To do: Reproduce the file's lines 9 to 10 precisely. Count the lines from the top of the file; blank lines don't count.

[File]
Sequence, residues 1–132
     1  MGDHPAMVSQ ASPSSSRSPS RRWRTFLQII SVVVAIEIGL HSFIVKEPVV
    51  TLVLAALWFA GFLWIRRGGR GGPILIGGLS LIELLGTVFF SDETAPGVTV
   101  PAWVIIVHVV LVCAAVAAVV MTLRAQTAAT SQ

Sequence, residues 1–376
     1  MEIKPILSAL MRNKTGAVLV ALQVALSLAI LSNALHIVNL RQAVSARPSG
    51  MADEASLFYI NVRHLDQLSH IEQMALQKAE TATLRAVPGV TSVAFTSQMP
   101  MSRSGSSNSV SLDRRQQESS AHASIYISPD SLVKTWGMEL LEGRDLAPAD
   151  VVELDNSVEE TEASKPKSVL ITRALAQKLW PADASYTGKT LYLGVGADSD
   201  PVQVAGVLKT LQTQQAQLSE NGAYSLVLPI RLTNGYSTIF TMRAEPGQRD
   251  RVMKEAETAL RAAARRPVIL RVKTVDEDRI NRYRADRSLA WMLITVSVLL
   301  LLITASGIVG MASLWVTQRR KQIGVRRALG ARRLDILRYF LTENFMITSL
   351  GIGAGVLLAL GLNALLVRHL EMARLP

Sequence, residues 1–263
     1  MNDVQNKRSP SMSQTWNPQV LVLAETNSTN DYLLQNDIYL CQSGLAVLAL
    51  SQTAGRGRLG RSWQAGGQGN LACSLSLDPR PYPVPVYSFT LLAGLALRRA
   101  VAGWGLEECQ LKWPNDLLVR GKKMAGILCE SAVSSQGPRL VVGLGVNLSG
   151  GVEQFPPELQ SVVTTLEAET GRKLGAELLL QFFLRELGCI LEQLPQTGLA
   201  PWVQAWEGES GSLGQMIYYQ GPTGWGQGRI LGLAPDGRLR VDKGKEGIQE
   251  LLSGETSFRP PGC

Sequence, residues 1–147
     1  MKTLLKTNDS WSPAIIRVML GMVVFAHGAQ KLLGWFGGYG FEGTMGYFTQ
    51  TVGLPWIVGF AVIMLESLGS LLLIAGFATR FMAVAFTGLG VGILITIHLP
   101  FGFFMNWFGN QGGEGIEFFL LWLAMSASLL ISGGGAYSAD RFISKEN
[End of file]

   151  VVELDNSVEE TEASKPKSVL ITRALAQKLW PADASYTGKT LYLGVGADSD
   201  PVQVAGVLKT LQTQQAQLSE NGAYSLVLPI RLTNGYSTIF TMRAEPGQRD